So intense were her sufferings that by late October the chaplain was summoned. It was announced to the community that Bernadette would probably not last through the night. The local bishop was summoned as well, and he admitted her into solemn vows that evening presuming that she would not survive the night. Indeed, she had just vomited a basin-full of blood and could barely recite her vows; the Bishop of Nevers recited her answers on her behalf. He left the room that night convinced he would never see her alive again.
And yet Bernadette made another miraculous recovery. Patterns such as this continued until her death in 1879. With every passing year, the asthmatic flare-ups in the winter and early spring worsened, each time bringing her closer to death.
Bernadette entered the infirmary for the last time in December of 1878. In addition to her asthma, she had a tumor that produced rigidity in her knee and caused horrible suffering. The pain was so intense for Bernadette that it sometimes took an hour to move her into a “good” position. Her face was said to have taken on a cadaverous appearance. If she was able to sleep at all, even the slightest movement of her leg would elicit involuntary screams. She lost weight and was said to have slipped away to almost nothing. The descriptions of her condition at this time included the following: chronic asthma, chest pains accompanied by the spitting up of blood, an aneurysm of the aorta, a tumor on the knee, stomach pains, bone decay, abscesses, and bedsores.
Bernadette revealed that she was no longer able to meditate. She was heard to murmur from time to time, “My God, I offer this up to you. Give me patience.” One of the sisters in the Infirmary said that Bernadette’s poor body seemed to be nothing but one large wound.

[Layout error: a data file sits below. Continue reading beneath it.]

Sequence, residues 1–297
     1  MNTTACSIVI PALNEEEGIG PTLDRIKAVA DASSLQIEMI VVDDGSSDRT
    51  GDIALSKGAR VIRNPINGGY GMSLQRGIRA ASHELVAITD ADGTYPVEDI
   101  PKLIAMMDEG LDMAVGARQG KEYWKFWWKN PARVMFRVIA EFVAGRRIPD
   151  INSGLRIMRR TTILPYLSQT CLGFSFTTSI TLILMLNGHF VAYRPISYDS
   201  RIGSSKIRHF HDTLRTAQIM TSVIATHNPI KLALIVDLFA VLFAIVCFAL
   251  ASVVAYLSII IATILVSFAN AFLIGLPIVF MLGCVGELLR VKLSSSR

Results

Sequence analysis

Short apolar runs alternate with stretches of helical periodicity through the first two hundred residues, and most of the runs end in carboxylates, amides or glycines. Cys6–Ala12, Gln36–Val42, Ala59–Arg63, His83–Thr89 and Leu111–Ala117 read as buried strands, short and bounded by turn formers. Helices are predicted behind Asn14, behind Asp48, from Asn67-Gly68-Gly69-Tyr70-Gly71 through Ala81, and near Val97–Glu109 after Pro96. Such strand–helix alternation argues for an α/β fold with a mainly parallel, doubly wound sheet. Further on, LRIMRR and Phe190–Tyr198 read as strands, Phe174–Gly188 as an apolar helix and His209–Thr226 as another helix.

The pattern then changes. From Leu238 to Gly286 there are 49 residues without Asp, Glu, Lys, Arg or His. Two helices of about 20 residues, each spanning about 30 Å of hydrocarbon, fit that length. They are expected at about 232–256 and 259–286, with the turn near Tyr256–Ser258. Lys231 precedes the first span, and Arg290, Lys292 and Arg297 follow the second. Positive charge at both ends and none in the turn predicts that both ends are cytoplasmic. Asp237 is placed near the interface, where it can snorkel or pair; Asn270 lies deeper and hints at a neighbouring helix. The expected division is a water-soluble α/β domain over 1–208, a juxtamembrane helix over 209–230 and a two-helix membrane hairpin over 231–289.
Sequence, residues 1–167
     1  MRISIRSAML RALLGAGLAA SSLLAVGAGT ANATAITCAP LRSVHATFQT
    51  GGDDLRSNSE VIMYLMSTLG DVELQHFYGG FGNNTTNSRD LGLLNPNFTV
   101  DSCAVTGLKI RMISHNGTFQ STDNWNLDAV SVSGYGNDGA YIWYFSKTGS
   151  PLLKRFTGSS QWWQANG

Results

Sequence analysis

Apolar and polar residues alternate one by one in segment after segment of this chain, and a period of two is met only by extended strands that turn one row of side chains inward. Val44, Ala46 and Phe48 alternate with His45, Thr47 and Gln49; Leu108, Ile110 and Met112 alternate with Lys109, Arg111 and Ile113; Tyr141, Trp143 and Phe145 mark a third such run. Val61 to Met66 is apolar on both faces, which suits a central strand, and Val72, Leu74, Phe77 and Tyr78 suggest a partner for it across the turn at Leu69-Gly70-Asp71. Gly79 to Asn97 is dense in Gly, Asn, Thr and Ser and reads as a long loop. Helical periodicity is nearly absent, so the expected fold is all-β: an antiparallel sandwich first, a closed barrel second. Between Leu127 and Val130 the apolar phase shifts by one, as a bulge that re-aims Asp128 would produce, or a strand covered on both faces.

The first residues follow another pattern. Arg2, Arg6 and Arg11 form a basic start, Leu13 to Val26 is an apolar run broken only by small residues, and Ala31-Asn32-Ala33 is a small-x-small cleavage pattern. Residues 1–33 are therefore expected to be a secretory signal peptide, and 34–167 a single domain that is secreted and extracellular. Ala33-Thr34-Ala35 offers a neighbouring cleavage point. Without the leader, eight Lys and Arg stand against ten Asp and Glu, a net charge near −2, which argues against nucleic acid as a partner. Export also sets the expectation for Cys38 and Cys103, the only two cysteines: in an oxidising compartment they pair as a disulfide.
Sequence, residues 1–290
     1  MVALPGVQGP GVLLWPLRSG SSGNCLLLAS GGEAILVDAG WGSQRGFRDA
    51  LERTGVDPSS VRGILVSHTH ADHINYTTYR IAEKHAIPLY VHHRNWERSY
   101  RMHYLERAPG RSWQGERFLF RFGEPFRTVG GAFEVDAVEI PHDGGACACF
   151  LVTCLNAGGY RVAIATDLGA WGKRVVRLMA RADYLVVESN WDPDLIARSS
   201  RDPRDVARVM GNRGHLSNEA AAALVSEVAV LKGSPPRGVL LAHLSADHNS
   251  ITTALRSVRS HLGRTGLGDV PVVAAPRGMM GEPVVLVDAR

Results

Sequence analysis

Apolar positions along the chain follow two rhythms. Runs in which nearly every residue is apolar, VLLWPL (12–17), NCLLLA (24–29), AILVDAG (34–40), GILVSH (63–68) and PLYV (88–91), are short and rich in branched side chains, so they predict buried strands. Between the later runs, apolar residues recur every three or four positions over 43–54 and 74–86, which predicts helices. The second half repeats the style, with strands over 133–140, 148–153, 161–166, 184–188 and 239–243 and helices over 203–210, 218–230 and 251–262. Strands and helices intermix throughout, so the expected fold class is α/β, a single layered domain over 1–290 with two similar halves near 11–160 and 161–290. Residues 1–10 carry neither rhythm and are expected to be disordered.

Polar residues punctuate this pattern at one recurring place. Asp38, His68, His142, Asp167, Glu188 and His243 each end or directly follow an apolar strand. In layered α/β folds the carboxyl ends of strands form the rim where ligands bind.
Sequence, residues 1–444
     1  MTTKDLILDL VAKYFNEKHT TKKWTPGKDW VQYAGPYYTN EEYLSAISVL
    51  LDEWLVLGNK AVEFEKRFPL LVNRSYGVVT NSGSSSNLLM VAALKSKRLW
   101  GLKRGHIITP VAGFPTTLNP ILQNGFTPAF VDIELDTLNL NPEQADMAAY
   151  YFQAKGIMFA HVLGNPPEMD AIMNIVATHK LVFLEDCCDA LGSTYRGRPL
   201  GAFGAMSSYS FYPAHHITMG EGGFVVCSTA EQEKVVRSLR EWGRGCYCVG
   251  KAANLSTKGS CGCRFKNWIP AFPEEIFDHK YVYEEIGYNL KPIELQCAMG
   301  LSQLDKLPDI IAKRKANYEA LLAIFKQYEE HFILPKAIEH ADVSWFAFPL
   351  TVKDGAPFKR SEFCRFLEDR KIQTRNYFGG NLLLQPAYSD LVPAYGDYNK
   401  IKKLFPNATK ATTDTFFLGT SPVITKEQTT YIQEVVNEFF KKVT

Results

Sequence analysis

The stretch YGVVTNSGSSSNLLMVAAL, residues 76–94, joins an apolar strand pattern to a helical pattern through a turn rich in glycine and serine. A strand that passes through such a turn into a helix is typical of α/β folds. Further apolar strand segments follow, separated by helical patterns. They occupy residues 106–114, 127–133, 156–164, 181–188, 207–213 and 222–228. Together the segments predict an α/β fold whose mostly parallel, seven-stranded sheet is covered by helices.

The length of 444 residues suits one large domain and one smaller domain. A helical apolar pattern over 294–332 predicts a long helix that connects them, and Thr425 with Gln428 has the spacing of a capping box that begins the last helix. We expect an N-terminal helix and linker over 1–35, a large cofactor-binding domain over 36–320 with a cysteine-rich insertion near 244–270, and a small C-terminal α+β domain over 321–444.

During Holy Week of 1879, Bernadette’s bedsores became extreme. She coughed almost continuously. By now she knew and stated aloud, “My passion will last until I die.” Still, she rarely complained, though involuntary groans often came forth. Bernadette’s concern seemed to be more about the others around her in the infirmary who were disturbed by her coughing, than about her own condition.
Added to this were satanic attacks. She was heard to say, “Be gone, Satan.” She admitted that the devil tried to frighten her. But when she invoked the holy name of Jesus, the devil soon disappeared.
As death drew near she marveled, saying, “I wouldn’t have thought it took so much suffering to die.” But she then added, “It is no sacrifice to give up a miserable life, where we encounter so many hardships, to belong to God.” She further lamented, “I’m afraid I’ve received so many graces, and have profited so little.”
Her gaze was now directed most frequently toward the crucifix on the wall. She began to extend her arms in imitation of Christ on the cross, saying, “My Jesus! How I love Him!”
Two days before she died, St. Bernadette offered a metaphor for the mystery of her suffering. Something in her hearkened back to the Boly Mill where she grew up in Lourdes. The grinding of the millstone had lulled her to sleep as an infant and accompanied her first years as a child. Perhaps it was that now-distant memory that caused her to say, shortly before she died, “I am ground like a grain of wheat.” She had never willfully complained about her suffering. Somehow she seemed to know this was her mission: to suffer for others.
Yes, it was a supreme paradox that this visionary of Lourdes, who found through God’s grace and Mary instruction a spring of healing water for multitudes, would herself suffer so much for souls, offering her agonies for them, for us. It was her personal and hidden passion for us. The other side of the gift of healing that Lourdes gives is the grace to endure suffering.
Bernadette died on April 16, 1879. Her long passion was now ended. Like Jesus, she gave over her spirit and breathed her last. She was 35 years old.
Visitors to her tomb are able to see her incorrupt body in the glass casket at Nevers. But the face that they look upon is really a wax mask. Surely it captures her beauty, but it also hides the glory of her suffering: suffering embraced and accepted. Her true face at death was more gaunt and showed the effects of the cross she accepted as she was “ground like wheat” and as she lost herself entirely in the Cross of Jesus.